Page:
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Owner of demolished Neutra house sues city

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Twin Peaks homeowner alleges violation of constitutional rights in city’s rebuild order

The one still-intact portion of the Largent House.
Image via Google Maps

The owner of a demolished Richard Neutra home in Twin Peaks, ordered by the city to rebuild the damaged structure, is now suing San Francisco in both state and federal court, claiming a violation of his constitutional rights.

Ross Johnston, owner of the Largent House on Hopkins Street, received word from the Planning Commission in December that he must rebuild an exact replica of the circa-1935 home as it previously stood before its illegal October demolition.

Johnston had been trying to renovate the site into a new, 3,665-square-foot home. The Planning Commission voted 5-0 against his plans.

The homeowner subsequently appealed the decision, with his attorney Andrew Zacks declaring it, “invalid, bizarre, and illegal.”

This week’s lawsuit repeats many of the same arguments in both Johnston’s original case and his appeal, alleging that the historic value of the house at 49 Hopkins was damaged beyond repair by previous work:

The property was originally constructed as a one-bedroom, 927 square foot single- family home in 1935, by well-known architect Richard Neutra. Since its original construction, however, the property had been drastically altered such that very little of the original 1935 construction or design remained.

Extensive, city-sanctioned alterations occurred primarily between 1959 and 2004, included but not limited to an addition of a second story and conversion of a portion of the first story into a garage.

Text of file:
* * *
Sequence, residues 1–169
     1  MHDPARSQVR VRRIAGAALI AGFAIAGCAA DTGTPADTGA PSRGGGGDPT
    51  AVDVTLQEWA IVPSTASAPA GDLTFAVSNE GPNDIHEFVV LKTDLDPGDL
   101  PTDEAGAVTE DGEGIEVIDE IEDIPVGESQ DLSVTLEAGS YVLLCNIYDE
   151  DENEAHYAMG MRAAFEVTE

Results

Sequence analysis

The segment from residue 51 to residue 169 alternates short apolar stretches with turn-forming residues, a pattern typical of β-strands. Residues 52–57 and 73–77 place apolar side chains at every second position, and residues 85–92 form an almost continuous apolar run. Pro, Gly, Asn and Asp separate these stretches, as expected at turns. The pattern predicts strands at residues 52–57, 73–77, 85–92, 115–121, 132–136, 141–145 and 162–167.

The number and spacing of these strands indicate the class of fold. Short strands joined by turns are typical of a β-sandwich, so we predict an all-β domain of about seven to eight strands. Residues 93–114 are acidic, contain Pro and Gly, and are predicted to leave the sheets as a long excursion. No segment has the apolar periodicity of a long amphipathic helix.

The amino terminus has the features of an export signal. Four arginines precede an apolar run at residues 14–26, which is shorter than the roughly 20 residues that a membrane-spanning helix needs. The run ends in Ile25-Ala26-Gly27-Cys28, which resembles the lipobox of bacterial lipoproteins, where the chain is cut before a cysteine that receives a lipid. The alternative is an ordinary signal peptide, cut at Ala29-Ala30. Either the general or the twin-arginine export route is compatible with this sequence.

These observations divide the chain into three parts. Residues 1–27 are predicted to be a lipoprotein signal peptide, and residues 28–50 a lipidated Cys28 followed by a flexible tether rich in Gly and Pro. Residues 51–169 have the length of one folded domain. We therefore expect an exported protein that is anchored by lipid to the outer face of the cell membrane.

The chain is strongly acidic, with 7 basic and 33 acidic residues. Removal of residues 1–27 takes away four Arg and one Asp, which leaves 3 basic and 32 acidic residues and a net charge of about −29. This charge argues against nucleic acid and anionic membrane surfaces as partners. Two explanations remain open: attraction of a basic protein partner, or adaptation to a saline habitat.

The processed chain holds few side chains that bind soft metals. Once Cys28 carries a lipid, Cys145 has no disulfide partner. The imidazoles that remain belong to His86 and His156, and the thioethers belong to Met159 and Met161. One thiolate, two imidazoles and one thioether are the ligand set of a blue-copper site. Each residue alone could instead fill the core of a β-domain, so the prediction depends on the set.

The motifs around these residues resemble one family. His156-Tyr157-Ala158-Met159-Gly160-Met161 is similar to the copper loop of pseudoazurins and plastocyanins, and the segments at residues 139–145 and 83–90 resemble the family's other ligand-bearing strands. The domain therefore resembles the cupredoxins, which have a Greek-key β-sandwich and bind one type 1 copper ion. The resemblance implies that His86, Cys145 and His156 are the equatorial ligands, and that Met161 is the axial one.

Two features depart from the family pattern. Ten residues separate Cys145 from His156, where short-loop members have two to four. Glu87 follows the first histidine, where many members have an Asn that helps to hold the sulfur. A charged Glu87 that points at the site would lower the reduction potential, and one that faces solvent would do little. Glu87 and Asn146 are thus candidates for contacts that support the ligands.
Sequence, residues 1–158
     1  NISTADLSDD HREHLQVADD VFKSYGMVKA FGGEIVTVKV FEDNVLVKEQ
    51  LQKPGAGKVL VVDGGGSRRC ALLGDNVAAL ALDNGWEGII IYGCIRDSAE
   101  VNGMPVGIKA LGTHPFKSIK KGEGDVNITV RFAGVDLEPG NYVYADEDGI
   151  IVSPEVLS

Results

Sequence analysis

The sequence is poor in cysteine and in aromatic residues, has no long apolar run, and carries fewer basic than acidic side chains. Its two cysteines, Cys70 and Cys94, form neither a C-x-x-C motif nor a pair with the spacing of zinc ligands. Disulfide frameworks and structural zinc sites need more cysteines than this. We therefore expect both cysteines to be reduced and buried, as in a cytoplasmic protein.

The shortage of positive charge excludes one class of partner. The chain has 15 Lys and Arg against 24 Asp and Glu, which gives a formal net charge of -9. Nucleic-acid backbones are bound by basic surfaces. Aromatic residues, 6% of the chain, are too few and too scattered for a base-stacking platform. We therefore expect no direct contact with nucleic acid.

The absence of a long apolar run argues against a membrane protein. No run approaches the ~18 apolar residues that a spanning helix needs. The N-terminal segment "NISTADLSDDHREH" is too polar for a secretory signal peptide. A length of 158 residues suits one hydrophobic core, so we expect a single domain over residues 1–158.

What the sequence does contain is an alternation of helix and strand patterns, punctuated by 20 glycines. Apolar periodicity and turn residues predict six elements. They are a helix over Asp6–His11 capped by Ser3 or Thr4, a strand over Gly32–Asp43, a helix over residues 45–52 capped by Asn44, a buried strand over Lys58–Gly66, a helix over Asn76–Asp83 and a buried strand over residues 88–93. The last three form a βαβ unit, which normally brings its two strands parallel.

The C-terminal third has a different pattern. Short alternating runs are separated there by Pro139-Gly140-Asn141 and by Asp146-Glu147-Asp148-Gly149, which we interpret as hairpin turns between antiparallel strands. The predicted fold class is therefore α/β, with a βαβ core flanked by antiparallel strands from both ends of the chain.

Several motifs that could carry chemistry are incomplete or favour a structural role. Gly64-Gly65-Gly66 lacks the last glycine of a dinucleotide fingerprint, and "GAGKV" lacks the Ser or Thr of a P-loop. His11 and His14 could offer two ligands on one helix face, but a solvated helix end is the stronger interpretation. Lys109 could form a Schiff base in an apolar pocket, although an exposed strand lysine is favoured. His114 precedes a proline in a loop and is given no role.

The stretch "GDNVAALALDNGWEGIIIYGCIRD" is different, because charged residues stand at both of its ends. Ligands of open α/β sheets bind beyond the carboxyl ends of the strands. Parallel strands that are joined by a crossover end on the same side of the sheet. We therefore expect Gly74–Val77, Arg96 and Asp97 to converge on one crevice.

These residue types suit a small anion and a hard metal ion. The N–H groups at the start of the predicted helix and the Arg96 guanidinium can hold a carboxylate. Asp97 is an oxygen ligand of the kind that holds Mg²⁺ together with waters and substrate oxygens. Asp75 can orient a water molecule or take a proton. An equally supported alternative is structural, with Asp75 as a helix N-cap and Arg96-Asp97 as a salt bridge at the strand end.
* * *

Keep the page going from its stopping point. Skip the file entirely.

The Largent House before demolition.
Image via Google

Via email, Johnston (who referred to himself as the “owner’s representative,” though he himself owns the home through an LLC) called the rebuild order “abusive, retroactive government overreach.”

Johnston bought the home in early 2017 for $1.7 million. He’s now seeking $10 million and the restoration of his renovation permits.

In December, Planning Commissioner Dennis Richards characterized the commission’s decision as a necessary step to defending the integrity of the law.

“You can have all the rules in the world, but if you don’t enforce them the rules are worthless,” said Richards.

Supervisor Aaron Peskin, who has been vocal about illegal demolitions in the past, called the decision “very impressive.”

According to the Los Angeles Conservancy, Austria-born Neutra “helped define modernism in Southern California and around the world” and staked out a signature style that “embraced technology, oddly enough, as a way to connect man with nature.”

Though Neutra designed many California houses, he only built five in SF.